More DC2N3 builds!

Four DC2N version 3 builds are in the pipeline, 2 of which are ready even if one requires a battery recharging.

More DC2N3s in the build pipeline

More DC2N3s in the build pipeline

I’ve tried to contact a few people who were originally interested in buying these devices but I haven’t had much of a response so far. If that’s still the case at the end of this week, my new builds will be listed in my Sales page for anybody to order them.

Before you guys write to me saying you want one, just be reminded that I am going to build more DC2N4-LC devices: I am just waiting for some extra components to be shipped in order to do so. DC2N4-LC offers a different set of features compared to DC2N3 but they both use a USB interface, meaning they should both be viable for a while.

DC2N4-LC is way cheaper at just 15 GBP + shipping, but it requires a PC to be operated. DC2N3 will sell still at 85 GBP + shipping (the price has not changed in 2 years now) but is completely standalone as it uses USB flash-drives to save tape dumps.

Which one is the right device for you? If you are a collector and would like to have a piece of oldskool kit to preserve your 8-bit tape collection, which might itself become collectible, go for a DC2N3.
If you are on a budget and are happy with being able to dump tapes to a PC using a client application (Windows and Linux Intel/AMD binaries available at the time of writing), then go for a DC2N4-LC.

I am personally going for them all 😀

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2 Responses to More DC2N3 builds!

  1. naz says:

    So in terms of the purpose of both devices ie tape preservation they both do the same job?
    I have a few tapes that can’t be copied to PC and give an error message at some point during loading(must be part of copy protection) so will the DC2N4-LC aloow dumping to PC and then can the game be loaded back into the bbc or spectrum by using the pc as tape player independantly of the DC2N4-LC using the stereo output on pc?
    Also can c64 tapes be copied to pc and what about loading c64 tape files from PC? Is an extra c64 compatible ;provided?

  2. luigidifraia says:

    Let me answer to those questions in the order they appear (pretty much).

    In theory DC2N3 should only be used to dump of C64 tapes at the moment as it lacks a selection menu for other machine types. In practice it can be used with PET/C64/VIC20/Spectrum and most C16/+4 and MSX tapes without issues. DC2N4 can be used for all machine types and also supports halfwave dumping, which means it can be used in all cases with C64/VIC20/C16/+4/Spectrum/MSX tapes. I might look into adding halfwave dumping to DC2N3 too at some point, but it’s not something that’s available at the moment.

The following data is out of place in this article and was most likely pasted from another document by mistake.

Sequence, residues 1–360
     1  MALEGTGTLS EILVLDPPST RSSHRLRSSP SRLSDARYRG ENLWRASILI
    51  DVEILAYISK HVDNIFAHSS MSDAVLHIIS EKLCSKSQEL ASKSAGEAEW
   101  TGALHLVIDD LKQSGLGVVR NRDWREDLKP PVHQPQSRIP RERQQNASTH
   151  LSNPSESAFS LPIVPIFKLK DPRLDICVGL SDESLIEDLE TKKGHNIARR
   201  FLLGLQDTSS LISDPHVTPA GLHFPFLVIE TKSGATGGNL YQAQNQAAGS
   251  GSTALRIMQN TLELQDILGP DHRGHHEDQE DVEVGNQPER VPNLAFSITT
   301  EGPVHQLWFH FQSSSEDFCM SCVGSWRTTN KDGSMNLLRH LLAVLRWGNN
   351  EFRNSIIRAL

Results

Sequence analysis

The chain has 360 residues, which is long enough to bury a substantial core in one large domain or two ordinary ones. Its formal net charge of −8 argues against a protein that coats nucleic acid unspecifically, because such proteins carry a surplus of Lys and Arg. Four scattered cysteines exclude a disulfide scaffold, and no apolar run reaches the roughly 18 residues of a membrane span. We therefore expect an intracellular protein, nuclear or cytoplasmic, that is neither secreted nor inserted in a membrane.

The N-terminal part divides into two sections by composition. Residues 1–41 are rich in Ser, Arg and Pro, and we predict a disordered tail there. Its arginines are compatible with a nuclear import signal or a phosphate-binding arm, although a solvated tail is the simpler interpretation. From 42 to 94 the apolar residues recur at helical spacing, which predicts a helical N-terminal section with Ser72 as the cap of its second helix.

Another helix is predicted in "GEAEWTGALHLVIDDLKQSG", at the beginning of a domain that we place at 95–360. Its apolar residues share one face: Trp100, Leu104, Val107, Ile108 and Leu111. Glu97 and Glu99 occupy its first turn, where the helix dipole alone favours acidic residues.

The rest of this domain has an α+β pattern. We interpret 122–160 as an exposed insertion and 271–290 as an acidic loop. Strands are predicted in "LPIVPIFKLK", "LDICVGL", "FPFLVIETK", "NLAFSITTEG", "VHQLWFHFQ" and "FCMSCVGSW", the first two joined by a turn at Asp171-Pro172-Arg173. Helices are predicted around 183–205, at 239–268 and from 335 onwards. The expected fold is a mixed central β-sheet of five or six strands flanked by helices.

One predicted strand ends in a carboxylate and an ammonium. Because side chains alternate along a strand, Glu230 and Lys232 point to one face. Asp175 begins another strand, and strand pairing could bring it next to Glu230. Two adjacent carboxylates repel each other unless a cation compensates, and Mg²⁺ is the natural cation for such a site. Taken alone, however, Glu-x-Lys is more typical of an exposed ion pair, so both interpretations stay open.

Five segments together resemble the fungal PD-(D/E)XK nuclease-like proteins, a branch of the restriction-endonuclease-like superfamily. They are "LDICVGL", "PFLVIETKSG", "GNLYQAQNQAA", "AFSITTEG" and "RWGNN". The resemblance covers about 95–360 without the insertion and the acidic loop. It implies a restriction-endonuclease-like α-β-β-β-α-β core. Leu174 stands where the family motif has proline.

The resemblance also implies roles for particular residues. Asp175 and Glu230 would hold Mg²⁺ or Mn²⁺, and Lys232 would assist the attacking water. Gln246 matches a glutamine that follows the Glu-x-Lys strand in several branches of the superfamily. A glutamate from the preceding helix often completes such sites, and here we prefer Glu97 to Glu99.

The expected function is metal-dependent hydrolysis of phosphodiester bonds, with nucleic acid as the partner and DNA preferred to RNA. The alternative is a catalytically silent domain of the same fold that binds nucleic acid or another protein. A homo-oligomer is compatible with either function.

If your tapes give some error during loading into the physical machine too, then no DC2N will solve your problem. You’re better off submitting your tapes to somebody with expertise on the subject to look at them.

    As per BBC Micro tapes I got reports that DC2N3 and DC2N4-LC can be used without problems in order to make tape dumps for this machine. However, I’ve only ever seen a handful of dumps for this system and I am not aware of tools that would convert them to a format usable in an emulator.

    Audio playback from a PC is not an area of interest for me and I am not an expert on the topic as I consider this method of doing things unsatisfying. I would never want to have to use a PC to load something into another computer: it seems like an ugly overhead to me. Besides, it does not work for a number of cases for C64 tapes as the tape motor signal is not handled.

    Playing back data into real hardware is not something that DC2N3 or DC2N4-LC provide. I’ve included the playback feature in DC2N, DC2N version 2 and DC2N version 5. However, these devices only connect to a Commodore PET/C64/VIC20 via the tape port.
    I’ve actually written the playback code for DC2N3 too, but the current build does not allow me to fit the tape port connector on the device.

    I understand this is a very specialized subject and you might still have open questions so feel free to ask them as I would not want you to build the wrong expectation and spend money on something that might not have any use for you. Also, I’d recommend checking around on retro hardware forums what other people with your needs are doing. I personally would discourage any method that involves making audio samples out of tapes or playing back audio out from a PC into old hardware.

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